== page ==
Thursday, January 21, 2021
by: Zoey Sky
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Data showed that the swelling was related to the COVID-19 vaccine. Back in December, FDA medical officer Dr. Rachel Zhang presented the findings at the Vaccines and Related Biological Products Advisory Committee on Moderna’s coronavirus vaccine.
In Moderna’s Phase 3 trial, three participants experienced facial or lip swelling after they received the vaccine. Two of them had prior dermal fillers in their cheeks within six months before inoculation.
Meanwhile, the third volunteer had received dermal filler in the lip two days after getting vaccinated. According to the FDA, the two incidents of facial swelling are classified as “severe adverse events.”
As of writing, the two participants have already recovered from the swelling.
The FDA claims that the lip swelling incident was “medically significant but not a severe adverse event.” The patient with the lip swelling also experienced similar swelling in the past after receiving a flu vaccine.
Experts believe that coronavirus and other viral infections can trigger these immunogenic reactions in people who have recently been injected with dermal fillers. Zhang said that the swelling in the three clinical trial volunteers was treated with steroids or antihistamines, which are also often associated with negative side effects.
Antihistamines may cause adverse effects like agitation, blurred vision,
constipation, drowsiness, dry mouth, and urinary retention (trouble urinating). Steroids can cause side effects like cataracts, glaucoma, headaches, high blood pressure and muscle weakness.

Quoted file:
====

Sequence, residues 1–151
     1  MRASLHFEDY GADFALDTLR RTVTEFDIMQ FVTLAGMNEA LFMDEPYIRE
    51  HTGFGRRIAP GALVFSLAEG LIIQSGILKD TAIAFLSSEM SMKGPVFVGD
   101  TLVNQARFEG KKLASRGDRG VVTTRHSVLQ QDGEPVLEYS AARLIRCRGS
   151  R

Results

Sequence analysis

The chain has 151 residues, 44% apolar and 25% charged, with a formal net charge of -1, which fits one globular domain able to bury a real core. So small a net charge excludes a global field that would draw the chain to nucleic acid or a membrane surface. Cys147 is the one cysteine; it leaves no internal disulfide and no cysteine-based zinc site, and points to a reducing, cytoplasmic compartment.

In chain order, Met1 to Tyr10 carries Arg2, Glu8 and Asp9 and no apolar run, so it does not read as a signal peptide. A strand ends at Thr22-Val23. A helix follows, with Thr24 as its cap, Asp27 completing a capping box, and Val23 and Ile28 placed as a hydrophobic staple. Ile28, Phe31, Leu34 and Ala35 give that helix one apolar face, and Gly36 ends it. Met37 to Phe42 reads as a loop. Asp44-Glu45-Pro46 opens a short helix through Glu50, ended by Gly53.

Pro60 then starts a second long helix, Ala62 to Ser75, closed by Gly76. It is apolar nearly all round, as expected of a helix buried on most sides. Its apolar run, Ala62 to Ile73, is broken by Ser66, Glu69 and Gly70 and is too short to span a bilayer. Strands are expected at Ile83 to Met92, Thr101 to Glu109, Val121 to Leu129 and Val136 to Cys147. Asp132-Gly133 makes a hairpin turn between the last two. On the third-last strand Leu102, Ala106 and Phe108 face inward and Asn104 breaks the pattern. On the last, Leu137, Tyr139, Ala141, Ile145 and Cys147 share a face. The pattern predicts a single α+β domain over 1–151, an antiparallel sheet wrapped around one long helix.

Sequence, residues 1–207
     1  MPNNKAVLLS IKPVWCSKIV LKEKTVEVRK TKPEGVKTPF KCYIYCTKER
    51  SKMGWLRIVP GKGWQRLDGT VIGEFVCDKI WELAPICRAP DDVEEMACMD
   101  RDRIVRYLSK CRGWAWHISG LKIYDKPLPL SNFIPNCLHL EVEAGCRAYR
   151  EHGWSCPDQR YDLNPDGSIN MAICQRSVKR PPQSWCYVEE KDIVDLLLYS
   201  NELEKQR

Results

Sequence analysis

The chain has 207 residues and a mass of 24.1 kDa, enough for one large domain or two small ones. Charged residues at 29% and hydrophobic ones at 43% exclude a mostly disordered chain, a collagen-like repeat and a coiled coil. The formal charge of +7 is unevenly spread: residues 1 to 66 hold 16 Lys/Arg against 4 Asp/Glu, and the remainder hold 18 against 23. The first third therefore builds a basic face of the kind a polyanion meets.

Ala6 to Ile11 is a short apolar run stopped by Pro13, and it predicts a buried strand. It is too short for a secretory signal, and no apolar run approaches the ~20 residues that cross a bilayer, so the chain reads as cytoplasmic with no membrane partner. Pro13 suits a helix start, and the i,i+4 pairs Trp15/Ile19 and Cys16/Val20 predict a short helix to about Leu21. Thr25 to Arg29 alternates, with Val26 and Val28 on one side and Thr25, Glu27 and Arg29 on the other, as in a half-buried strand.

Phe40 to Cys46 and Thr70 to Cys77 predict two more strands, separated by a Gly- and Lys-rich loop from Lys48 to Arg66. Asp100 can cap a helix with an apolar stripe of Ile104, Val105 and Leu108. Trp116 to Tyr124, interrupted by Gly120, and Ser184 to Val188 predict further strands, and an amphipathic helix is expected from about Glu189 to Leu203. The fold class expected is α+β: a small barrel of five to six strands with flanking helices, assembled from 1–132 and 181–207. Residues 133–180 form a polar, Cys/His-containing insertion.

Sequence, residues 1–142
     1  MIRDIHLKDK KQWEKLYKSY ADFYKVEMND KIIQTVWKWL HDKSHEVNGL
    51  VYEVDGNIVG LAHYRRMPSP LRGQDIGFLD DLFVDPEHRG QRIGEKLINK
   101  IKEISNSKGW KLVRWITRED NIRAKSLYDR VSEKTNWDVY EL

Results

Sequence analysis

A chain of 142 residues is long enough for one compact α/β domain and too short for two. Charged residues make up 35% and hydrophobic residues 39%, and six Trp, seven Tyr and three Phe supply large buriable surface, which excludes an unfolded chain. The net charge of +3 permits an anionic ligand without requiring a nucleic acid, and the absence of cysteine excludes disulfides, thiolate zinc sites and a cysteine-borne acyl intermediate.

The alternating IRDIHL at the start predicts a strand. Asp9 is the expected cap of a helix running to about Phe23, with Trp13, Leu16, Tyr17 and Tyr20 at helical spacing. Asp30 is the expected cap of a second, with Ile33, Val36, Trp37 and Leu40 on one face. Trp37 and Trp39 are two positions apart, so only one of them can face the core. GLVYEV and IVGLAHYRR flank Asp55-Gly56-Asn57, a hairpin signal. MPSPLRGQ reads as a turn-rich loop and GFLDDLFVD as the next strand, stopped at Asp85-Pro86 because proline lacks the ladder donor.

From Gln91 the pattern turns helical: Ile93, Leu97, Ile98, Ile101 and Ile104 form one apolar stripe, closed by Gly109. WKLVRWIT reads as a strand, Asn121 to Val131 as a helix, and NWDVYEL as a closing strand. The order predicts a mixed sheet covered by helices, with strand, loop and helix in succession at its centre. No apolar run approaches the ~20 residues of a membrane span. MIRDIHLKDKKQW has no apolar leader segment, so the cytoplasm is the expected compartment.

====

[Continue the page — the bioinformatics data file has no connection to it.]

Zhang even attempted to brush off the side effects as minor, claiming that the three patients who experienced facial and lip swelling were only affected with localized swelling.
She added that “no systemic symptoms observed.”
Through a briefing document presented to the Vaccines and Related Biological Products Advisory Committee, the FDA explained that the localized swelling in these cases could have been caused by “an inflammatory reaction from interaction between the immune response after vaccination and the dermal filler.”
The cases were allegedly reported after natural infection or after an influenza-like illness, continued the document.
Physicians suggest that injectable hyaluronic acid (HA)-based dermal fillers could be linked to occasional late-onset inflammatory reactions.
HA is a gel-like substance that is found naturally in the body. HA-based dermal fillers are used to add volume to the skin, particularly in the cheeks. The fillers are also used to smoothen out wrinkles near the eyes, lips and forehead.
Like vaccines, HA-based dermal fillers are associated with the following negative side effects that occur near the injection site: